Check out my video on silencing the inner critic!


3.) Unleash your inner champion

Believe it or not, your inner critic is actually trying to help you, sort of. It's attempting to keep you safe, secure, and protected from possible threats of all kinds. Embarrassment, social sabotage, psychological damage, and even physical threats are all on its radar.

But, things get toxic when these good intentions become judgmental and overinflated. We in the West live in highly critical societies, and we judge each other harshly for mistakes and minor failures that are inevitable to being human. It happens every day to good people we know and love - and everyone else too.

Because we know this, we're afraid of being judged or criticized ourselves, so we build a fortress of thoughts to fight these fears, hoping that we might stay safe and secure, hidden away from any possible threat to our true sense of self. Living this way is living small, and you deserve better - we all do.

The good news is that your inner critic is really just old news, hype about who and what you are that comes from the past.

After you stop the war and let go of the hype, then you're ready to tap into your inner champion. This is the you that you know you are, the one you left behind, the one you forgot about, the one you underestimated until now.

Pick up your dreams, reconnect with what matters most to you, and play by a new set of rules. Challenge your old ideas about what is possible for you and take risks. Become unstoppable by listening only to the voice inside that wants you to succeed, to be happy, to be more of who you really are.

And don't look back, except to help the next person behind you to do the same thing.

4.) Look for the good

Your inner critic is looking for what's wrong, what's missing, what's impossible. It's looking for what's bad.

Turn your world upside down and look for what's right, what's here now, what's possible in everyone and everything. Look for the good in yourself and others from the moment you get up in the morning to the moment your head hits the pillow. Don't settle for anything less. And if you can't do that, remember you're not alone. Avoid judging yourself when you fall short, because we all do sometimes.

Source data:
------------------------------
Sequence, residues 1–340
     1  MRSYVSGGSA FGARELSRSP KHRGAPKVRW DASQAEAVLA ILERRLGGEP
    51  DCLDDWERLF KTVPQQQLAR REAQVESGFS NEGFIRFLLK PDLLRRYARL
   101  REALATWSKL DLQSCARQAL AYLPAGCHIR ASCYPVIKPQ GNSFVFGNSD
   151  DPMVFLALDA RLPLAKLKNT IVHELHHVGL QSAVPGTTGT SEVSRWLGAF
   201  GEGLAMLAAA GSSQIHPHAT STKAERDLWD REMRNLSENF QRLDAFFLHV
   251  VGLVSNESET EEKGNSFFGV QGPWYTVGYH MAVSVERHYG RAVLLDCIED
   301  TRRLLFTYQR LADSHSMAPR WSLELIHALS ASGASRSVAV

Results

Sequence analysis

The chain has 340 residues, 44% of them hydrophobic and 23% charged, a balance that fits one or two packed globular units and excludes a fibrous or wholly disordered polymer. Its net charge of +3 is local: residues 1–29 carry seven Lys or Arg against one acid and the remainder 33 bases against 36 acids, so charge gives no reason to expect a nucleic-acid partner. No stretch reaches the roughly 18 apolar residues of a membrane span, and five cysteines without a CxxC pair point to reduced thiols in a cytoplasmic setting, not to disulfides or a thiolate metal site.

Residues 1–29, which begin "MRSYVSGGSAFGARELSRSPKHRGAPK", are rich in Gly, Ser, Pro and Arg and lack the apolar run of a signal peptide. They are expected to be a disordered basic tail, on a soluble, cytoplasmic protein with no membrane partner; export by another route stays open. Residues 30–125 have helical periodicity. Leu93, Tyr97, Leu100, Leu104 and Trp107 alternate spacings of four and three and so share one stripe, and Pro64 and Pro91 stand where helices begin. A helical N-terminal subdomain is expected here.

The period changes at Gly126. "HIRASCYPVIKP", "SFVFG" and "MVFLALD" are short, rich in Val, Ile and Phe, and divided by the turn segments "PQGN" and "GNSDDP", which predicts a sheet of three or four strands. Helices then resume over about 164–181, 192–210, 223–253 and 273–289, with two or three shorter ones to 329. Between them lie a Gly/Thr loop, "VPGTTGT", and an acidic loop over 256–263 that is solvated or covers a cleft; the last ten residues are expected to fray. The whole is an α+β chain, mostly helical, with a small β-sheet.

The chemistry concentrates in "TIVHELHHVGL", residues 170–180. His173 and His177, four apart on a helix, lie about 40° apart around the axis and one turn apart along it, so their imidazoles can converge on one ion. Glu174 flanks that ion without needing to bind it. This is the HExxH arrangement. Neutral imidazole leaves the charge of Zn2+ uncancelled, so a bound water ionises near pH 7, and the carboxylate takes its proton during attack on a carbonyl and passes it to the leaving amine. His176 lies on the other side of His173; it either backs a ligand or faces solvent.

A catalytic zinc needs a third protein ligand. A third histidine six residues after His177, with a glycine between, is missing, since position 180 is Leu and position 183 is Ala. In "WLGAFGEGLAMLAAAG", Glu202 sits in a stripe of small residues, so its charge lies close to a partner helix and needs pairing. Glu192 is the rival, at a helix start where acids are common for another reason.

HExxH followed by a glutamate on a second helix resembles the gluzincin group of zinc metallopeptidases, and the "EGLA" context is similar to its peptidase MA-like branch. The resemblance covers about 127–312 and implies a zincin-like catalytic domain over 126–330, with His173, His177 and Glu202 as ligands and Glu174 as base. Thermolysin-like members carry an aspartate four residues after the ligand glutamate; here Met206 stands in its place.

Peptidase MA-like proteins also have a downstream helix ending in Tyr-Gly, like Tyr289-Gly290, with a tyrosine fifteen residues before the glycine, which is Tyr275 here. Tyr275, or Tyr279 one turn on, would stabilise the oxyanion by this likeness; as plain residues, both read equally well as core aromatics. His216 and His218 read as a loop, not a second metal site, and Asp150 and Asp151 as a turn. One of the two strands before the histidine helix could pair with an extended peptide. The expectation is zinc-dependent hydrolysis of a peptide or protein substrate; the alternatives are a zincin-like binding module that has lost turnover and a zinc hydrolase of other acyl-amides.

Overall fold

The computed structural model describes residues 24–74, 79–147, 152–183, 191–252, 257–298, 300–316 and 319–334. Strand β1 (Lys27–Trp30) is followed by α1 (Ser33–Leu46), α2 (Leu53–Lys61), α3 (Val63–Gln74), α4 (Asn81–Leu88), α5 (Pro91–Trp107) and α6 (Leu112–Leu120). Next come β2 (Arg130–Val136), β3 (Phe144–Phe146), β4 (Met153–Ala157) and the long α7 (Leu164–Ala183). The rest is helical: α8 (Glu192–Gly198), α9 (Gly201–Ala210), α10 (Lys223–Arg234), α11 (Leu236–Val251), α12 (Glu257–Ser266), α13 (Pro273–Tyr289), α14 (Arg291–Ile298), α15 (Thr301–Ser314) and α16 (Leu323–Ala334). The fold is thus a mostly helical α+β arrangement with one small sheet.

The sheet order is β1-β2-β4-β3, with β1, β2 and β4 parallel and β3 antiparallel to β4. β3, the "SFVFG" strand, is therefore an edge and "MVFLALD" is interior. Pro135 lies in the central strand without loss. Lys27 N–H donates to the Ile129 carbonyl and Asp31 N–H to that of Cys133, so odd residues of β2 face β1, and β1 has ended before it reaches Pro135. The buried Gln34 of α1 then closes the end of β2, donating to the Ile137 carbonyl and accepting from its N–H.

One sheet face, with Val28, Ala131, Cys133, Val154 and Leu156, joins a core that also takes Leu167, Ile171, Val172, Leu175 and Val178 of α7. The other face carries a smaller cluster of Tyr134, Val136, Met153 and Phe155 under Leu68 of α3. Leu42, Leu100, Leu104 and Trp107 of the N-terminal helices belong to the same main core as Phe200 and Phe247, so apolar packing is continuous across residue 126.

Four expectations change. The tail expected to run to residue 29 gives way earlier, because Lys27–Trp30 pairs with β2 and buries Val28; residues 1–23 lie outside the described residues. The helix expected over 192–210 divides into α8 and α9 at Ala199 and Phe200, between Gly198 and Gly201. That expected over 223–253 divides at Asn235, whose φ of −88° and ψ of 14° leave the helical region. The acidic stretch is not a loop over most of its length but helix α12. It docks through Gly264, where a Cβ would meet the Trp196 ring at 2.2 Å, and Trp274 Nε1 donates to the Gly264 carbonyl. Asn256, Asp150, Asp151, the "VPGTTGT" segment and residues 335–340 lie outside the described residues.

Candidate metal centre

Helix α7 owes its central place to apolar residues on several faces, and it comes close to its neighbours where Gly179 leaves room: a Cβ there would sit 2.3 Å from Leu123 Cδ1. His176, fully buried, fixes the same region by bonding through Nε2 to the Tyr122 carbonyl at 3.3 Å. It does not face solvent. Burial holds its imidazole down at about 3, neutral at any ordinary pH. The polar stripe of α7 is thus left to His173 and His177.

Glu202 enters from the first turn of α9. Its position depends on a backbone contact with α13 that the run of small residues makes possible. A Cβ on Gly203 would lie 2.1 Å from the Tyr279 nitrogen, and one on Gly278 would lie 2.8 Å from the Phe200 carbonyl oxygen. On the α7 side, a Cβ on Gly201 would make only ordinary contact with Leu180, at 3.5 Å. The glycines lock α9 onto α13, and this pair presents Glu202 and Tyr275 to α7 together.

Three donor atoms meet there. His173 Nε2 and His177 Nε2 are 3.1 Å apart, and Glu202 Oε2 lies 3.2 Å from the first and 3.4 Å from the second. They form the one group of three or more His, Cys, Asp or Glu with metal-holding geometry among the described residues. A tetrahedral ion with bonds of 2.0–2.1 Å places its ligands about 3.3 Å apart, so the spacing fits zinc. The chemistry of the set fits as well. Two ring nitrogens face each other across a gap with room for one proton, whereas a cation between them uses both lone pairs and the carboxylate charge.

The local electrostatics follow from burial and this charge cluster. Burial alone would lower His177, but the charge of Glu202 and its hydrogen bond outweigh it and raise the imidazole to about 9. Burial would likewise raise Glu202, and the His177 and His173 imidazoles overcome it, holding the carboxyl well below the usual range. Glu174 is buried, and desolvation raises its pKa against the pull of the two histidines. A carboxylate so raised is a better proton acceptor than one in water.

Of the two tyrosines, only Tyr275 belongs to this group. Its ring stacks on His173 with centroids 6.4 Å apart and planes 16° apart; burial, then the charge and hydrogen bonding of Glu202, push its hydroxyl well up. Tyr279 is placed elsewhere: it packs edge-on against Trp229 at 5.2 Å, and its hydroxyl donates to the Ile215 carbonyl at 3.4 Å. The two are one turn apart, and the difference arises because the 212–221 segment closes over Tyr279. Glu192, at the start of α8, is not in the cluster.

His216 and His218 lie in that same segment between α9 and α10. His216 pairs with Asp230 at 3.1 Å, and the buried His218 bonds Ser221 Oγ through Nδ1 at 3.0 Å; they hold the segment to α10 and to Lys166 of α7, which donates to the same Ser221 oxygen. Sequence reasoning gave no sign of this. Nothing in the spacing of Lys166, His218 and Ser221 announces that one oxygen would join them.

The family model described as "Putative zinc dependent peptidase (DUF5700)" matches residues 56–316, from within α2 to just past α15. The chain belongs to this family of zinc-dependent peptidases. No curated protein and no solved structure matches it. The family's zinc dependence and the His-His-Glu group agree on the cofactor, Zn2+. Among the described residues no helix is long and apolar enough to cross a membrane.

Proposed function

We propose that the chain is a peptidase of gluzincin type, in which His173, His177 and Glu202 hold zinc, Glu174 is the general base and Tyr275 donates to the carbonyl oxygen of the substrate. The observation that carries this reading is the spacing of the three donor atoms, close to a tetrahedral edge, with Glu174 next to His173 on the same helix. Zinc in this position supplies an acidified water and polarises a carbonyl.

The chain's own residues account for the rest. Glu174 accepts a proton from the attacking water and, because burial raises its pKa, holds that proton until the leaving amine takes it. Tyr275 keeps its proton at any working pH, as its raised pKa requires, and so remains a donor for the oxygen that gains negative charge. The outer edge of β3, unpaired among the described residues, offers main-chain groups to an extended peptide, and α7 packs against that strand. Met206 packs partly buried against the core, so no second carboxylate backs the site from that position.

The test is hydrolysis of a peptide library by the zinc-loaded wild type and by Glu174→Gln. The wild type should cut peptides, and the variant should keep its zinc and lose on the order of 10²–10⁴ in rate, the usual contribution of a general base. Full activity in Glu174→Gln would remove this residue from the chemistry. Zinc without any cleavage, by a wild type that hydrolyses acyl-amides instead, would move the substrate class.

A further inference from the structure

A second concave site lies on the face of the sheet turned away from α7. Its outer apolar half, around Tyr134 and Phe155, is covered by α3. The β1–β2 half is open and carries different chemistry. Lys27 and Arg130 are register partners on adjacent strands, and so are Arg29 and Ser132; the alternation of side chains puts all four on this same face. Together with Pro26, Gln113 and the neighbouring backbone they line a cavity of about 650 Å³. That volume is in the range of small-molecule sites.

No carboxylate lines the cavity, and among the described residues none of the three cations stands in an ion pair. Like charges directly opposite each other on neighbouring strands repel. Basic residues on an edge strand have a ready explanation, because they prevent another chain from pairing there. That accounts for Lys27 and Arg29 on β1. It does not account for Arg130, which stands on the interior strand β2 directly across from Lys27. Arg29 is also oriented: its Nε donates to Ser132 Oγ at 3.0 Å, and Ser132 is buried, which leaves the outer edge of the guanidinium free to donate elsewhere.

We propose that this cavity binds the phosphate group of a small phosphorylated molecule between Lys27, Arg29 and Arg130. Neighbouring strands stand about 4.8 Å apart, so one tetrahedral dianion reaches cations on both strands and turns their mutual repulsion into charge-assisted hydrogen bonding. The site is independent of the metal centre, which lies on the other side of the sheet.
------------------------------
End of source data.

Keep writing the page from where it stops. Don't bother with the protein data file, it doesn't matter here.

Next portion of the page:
The important thing is to keep moving forward and never give up on who you are. You are worth it, but don't take my word for it. Just ask the person who's been worth waiting for all this time.


To sum it up

Your inner critic is that little voice in your head that says that you're not good enough, you can't do it, and you should just stop trying. Though it means well, this little "helper" often holds us back from living our best life.

Use these 4 tips to silence your inner critic: stop the war, don't believe the hype, unleash your inner champion, and look for the good.

Reflect and connect

  • What are some of the messages your inner critic says to you?

  • What might be different if you stopped believing these old thoughts and developed new ones instead?

  • Who would you become if you unleashed your inner champion? What would you do?

Post your comments below or connect with me to share your thoughts.